- A Marketing Plan facilitates measurement.
Even if none of the other reasons matter, this is the real reason to write a Marketing Plan. It is impossible to measure success if measurable goals are not identified, and if the effectiveness of specific strategies aren’t gauged. How is it possible to decide which strategies to continue, and which to discard, if results aren’t measured and compared? Measurement is what justifies budget allocations.
The development of a Marketing Plan is a process that requires five specific tasks.
- Develop clear and focused insights into why a potential customer would choose to do business with the company.
- Identify with clarity and detail target customers.
- Identify competitors that also want the company’s target customers.
- Identify which competitors the company wants to take customers from.
- Write the brand-positioning statement for target customers.
Here are the sections an annual Marketing Plan should have:
Section 1: Executive Summary – summary of all the other sections in the plan.
Section 2 – Budget – how much is expected to be spent on each area of marketing.
Section 3 – SWOT Analysis – Strengths; Weaknesses; Opportunities; and Threats facing the company as a whole and in its sales and marketing efforts.
Section 4: Target Audience – demographic profile (e.g., age, gender, location), psychographic profile (e.g., interests) and precise wants and needs of potential customers as it relates to the company’s products/services.
Section 5: Unique Selling Proposition (USP) - what sets the company apart from competitors.
Section 6: Pricing & Positioning Strategy – how will the company’s goods/services be priced and positioned/pitched to potential customers.
Section 7: Distribution Plan – how customers will purchase from the company: online; in person/store; retailer; etc.
Section 8 – Special Offers – strategies to encourage conversion such as sales, promotions, etc.
Section 9 – Marketing Collateral – what items are needed to help convert sales such as premiums, brochures, videos, etc.
Section 10 – Goals, Objectives and Strategies – This is the meat of the Plan. It lists goals the company wants to accomplish, major ways/objectives to accomplish those goals, and specific, actionable steps to achieve the objectives. Every objective should be measurable in order to determine the degree to which it was met.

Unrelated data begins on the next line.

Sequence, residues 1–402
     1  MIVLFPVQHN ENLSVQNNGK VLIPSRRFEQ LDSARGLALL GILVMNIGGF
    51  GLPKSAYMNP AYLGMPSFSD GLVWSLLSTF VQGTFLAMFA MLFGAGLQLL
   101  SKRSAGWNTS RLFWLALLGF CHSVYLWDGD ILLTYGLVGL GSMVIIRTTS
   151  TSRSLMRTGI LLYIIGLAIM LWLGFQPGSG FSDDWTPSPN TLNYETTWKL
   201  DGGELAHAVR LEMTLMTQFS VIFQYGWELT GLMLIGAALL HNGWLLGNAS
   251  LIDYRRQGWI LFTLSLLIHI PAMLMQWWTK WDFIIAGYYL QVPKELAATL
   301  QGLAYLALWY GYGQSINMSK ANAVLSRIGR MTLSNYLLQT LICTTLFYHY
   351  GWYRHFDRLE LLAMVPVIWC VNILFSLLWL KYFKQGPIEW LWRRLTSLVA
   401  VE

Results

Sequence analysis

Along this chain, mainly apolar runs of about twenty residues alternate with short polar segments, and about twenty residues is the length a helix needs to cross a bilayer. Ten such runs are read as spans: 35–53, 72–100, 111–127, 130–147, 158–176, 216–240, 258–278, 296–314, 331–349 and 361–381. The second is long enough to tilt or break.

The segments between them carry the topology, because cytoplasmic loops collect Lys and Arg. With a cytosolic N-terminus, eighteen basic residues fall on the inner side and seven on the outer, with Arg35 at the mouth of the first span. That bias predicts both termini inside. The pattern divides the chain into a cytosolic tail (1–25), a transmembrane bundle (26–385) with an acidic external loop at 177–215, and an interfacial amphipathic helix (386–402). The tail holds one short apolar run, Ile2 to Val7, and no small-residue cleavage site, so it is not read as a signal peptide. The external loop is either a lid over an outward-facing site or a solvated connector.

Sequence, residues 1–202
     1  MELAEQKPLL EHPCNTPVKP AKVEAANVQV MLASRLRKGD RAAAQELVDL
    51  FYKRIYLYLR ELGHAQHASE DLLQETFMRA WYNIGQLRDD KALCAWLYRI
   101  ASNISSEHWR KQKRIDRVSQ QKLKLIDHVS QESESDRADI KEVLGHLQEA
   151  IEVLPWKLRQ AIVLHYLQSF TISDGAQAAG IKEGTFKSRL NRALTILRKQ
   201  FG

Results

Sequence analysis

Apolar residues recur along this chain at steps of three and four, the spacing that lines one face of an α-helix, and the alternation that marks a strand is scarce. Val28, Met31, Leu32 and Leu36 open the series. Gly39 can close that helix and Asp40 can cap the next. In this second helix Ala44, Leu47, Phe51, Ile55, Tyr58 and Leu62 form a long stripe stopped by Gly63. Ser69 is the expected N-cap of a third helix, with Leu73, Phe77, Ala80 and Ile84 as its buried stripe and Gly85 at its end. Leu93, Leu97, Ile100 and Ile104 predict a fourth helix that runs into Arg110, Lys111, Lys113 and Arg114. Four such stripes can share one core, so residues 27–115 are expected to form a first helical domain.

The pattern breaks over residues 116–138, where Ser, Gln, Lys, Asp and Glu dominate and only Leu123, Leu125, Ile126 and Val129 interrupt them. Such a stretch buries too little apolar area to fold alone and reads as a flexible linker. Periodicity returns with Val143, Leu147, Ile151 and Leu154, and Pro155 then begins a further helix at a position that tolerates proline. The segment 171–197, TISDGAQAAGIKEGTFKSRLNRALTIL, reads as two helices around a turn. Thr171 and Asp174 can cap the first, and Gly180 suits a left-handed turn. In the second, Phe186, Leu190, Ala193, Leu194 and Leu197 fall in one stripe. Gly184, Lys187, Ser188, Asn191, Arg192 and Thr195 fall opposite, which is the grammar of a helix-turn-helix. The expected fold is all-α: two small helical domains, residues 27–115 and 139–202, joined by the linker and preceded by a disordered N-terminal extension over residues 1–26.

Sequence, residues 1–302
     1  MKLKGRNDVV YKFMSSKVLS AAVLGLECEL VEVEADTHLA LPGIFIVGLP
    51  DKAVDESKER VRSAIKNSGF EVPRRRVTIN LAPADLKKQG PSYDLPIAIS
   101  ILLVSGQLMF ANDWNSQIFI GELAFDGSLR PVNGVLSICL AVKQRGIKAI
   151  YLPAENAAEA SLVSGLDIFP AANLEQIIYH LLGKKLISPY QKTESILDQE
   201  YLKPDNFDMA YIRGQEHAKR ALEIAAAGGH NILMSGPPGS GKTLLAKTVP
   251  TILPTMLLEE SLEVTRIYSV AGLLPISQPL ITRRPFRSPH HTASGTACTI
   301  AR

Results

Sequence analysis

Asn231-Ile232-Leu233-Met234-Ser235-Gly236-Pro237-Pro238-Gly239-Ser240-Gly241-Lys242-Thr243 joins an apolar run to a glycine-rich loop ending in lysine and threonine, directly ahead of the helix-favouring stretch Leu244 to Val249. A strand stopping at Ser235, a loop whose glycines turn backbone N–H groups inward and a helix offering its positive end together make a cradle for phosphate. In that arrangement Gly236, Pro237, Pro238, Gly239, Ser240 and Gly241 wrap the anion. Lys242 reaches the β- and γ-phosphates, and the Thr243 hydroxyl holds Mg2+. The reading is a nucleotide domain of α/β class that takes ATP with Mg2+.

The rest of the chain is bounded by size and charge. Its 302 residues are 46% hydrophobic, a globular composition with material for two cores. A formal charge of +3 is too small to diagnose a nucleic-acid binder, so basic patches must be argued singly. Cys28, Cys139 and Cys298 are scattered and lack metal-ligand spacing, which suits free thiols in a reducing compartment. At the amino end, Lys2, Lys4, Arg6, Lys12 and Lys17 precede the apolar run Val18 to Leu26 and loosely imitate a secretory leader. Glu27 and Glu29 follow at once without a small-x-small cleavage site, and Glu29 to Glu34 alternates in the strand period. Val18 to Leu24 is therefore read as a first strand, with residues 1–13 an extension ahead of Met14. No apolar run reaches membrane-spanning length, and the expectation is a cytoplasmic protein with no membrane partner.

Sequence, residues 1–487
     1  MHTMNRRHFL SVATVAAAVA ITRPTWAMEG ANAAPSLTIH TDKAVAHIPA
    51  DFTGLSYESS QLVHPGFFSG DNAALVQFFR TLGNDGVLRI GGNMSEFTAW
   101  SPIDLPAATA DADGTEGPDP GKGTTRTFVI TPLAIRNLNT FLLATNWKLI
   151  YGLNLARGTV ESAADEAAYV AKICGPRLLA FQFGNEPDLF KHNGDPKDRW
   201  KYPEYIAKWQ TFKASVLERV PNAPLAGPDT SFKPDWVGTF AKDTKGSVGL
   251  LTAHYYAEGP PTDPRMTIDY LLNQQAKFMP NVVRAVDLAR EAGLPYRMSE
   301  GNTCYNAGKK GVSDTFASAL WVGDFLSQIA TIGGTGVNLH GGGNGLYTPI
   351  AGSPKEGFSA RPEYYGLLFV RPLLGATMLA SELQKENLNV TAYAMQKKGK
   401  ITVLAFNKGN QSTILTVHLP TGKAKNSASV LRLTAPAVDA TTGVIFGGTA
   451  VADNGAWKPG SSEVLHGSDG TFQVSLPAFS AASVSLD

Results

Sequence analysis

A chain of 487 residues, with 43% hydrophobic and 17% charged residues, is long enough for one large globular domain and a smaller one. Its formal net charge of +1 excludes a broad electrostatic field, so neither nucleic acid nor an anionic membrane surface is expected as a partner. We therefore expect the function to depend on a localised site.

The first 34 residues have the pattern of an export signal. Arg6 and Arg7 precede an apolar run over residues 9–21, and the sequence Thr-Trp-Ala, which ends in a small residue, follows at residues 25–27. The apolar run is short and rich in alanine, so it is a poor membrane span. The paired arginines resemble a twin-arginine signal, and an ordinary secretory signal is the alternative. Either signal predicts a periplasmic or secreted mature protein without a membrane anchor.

Once the annual Marketing Plan is written, it should be reviewed with all staff, or at least all managers and sales staff.
Thereafter, the Marketing Plan should be reviewed annually to ensure the goals, objectives, target demographics, market research and marketing activities still make sense. Chances are that the document will need to be tweaked to add new strategies worth trying, modify existing strategies to make them more effective, and remove ineffective strategies. For new businesses and those with a high degree of change, such as technology, finance and real estate, review intervals should be quarterly to ensure that everything is still on track.
With a solid Marketing Plan in place, any business is ready to hit the ground running for the next fiscal year.
Quote of the Week
“To be successful and grow your business and revenues, you must regularly match the way you market your products with the way your prospects learn about and shop for your products.” Brian Halligan
© 2016, Written by Keren Peters-Atkinson, CMO, Madison Commercial Real Estate Services. All rights reserved.